To respond to reality rightly, to perceive it clearly (which is an ethical question) requires an “un-selfing”. “[A]nything which alters consciousness in the direction of unselfishness, objectivity and realism is to be connected with virtue.””[V]irtue is the attempt to pierce the veil of selfish consciousness and join the world as it really is”.

Note that the self-reliance of the craftsman (in distinction to the team worker who is managed by directives of others) and of earlier Americans in their admiration of the self-made man is essentially different from the modern cult of the sovereign Self. An agent wishing to accomplish a task is not totally self-directed, doing things only on a whim or with an opinion. Rather, all agency of the Self, directed toward an end, embraces a purpose that is good for no mere arbitrary or private reasons, but for reasons of understanding the real features and needs of the real world. For instance, a carpenter will limit his selfishness in order to do justice to the type and grain of the wood for a specific purpose.

What is good about the accomplished work is not simply posited, assumed. It comes like a revelation of why one ought to pursue this end, as well as how one can achieve it. Gradually it becomes clear, through sharper perception of the real world, what a good carpenter, plumber, lawyer and banker should be. And that will lead him to become better, more competent. In other words, the reality of the real world, of Creation, will draw us towards greater competence, just like the level of a carpenter will accuse or excuse him at the end of his job. The sovereign Self of each person is limited, affected by the shape of reality!
Now look at the opening lines of the US Declaration of Independence in 1776. This objective world is assumed when it speaks movingly of self-evident truths against the assumed authority of the English king. Certain realities were self-evident to the colonists, but not to the English. (It was not all that self-evident: the former kept slaves for 90 years more and did not enforce the law for another 100!) It was a subjective evaluation.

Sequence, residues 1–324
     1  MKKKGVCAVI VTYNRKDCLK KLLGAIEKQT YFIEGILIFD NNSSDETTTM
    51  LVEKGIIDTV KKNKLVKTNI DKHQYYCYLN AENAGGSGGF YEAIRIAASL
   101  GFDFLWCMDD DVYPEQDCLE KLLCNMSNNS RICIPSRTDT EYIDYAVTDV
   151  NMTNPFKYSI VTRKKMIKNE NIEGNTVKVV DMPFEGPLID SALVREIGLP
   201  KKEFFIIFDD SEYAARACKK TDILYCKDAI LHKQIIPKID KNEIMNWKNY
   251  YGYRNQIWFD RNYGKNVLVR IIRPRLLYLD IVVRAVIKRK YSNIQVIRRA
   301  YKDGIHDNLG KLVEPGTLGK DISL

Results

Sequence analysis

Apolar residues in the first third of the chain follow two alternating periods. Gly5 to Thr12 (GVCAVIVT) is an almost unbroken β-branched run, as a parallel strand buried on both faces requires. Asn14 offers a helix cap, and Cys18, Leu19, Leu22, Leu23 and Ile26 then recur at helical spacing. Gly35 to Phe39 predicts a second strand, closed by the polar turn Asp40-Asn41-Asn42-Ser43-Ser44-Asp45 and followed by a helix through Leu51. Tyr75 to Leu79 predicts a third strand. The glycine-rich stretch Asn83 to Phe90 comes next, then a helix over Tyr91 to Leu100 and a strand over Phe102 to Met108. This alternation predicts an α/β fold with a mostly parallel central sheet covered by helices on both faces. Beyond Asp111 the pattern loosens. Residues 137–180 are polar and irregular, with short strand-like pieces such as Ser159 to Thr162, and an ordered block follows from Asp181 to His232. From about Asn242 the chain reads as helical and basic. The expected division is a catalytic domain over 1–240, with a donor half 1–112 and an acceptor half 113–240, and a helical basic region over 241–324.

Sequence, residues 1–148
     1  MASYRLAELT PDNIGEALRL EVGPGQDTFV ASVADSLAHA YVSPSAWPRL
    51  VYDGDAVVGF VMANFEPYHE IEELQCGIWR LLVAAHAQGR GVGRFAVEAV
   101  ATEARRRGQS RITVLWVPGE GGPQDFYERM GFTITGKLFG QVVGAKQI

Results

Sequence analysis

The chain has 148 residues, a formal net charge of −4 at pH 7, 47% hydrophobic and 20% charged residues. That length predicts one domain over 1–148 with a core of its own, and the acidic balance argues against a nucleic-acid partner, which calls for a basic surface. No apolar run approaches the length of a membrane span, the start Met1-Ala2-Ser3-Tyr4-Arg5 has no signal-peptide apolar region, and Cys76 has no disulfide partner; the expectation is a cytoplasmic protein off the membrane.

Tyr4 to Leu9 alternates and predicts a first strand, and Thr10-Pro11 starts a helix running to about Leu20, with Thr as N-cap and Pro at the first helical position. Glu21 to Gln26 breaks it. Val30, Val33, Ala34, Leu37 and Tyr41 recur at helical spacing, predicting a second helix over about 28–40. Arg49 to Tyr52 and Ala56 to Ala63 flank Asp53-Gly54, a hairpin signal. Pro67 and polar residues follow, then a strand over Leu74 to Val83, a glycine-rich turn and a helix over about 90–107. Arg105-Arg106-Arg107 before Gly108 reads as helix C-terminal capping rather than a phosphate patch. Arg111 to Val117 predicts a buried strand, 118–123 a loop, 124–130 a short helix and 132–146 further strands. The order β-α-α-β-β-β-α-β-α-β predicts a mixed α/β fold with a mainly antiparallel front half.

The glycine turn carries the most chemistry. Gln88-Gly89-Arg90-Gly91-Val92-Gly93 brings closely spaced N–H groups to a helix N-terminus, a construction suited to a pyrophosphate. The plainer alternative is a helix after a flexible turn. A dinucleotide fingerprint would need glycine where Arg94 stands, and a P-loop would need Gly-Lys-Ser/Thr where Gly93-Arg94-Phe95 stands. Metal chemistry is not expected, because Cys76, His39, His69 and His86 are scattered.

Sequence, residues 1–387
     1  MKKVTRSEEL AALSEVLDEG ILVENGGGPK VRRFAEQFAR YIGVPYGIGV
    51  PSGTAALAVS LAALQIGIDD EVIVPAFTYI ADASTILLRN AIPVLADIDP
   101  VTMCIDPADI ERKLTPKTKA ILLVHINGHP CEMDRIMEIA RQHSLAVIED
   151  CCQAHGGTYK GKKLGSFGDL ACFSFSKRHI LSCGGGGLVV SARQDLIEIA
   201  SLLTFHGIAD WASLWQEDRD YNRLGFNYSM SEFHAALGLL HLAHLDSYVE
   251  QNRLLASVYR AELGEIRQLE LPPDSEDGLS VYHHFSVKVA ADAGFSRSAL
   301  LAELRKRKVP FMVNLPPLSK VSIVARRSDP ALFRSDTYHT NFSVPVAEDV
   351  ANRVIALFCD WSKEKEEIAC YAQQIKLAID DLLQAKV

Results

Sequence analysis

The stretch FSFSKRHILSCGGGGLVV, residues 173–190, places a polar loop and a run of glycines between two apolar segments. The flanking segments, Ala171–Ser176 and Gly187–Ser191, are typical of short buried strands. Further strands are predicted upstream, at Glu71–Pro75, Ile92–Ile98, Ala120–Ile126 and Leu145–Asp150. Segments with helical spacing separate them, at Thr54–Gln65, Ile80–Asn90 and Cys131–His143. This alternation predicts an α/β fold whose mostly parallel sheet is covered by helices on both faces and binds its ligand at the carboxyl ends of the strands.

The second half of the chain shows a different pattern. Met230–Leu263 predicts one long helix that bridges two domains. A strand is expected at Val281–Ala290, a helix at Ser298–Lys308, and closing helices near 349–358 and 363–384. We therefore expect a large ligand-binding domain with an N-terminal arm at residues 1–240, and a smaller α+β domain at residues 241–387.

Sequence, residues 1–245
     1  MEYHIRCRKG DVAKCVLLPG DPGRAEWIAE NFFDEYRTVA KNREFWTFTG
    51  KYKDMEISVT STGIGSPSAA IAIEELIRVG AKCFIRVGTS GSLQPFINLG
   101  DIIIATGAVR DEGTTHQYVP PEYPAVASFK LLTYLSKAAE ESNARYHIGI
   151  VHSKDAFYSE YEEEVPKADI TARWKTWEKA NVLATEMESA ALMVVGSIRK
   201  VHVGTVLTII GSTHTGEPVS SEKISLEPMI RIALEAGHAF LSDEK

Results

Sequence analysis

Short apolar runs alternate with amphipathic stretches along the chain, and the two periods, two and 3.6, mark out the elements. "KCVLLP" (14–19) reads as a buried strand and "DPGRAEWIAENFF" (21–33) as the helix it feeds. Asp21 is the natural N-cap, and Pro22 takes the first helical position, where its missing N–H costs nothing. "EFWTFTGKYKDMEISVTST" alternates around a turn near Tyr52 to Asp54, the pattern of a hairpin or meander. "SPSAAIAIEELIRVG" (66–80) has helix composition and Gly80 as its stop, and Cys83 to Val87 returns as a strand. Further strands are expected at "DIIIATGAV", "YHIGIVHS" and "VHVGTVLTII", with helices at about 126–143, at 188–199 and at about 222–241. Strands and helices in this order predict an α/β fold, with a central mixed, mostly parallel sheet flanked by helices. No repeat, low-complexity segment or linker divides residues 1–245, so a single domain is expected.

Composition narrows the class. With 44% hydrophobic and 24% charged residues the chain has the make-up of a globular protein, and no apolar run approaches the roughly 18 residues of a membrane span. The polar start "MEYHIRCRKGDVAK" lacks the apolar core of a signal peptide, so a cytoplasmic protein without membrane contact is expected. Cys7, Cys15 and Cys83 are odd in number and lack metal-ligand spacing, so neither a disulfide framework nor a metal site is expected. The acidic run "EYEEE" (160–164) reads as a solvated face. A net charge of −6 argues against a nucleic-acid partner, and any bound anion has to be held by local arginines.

Therefore, the Self is not a very reliable sovereign! It often, if not always, needs correction. Neither in the crafts, as related by Crawford, nor in politics, nor as a participant in business or the market is the individual Self the final arbiter of what is good and true. Self-evident truth is selected by the Self! Self-government can easily become self-indulgence!

Scripture, the shape of nature and history all show the folly of an individual assuming himself to be free -- a sovereign, pope, king or Self able to make arbitrary choices and expecting to do well.

The craftsman’s choices are limited by the requirements of the work that needs to fit into an already existing, structured world (The walls have to remain standing against the force of wind and weather). The choice of materials requires respect for the task. (Some will do. Others will fall apart).

Does the same not also apply to the ”free market”, which is only free in any way when it is in fact closely limited? What seems to be a contradiction is, in fact, a more accurate description of how markets work. They require the courts of law to enforce contracts and to void them in cases of fraud or duress. The system of industrial safety and rules of compensation further reign in free markets.
“Market forces” only exist within the framework created by such constraints. They were established over centuries by people committed to justice, to adjustments. The real world requires these, whether they apply to the grammar of a common language, to real people and conditions, or to materials for the craftsman. Prior opinions should have been adjusted to reality in 1776 by recognizing the real humanity of Blacks. Legitimate regulations adjust human fancy and deceit to what is wise and realistic. They tie them to objective reality. They do not consist of illegitimately oppressive bureaucratic rules.

When people point to the successes of the market in creating goods and employment, they are talking about a very constrained market – boxed in by legal requirements like compensation, contract and intellectual property law as well as a vast number of semi-legal compliance regimes. Weights and sizes are fixed; industrial norms are mandatory. Markets can deliver benefits when they operate in that framework. Only with such limits to selfish sovereignty in place can market forces prevent a free market in slaves, women and body parts. Without such limits, both socialist and free market economies around the world trade in them.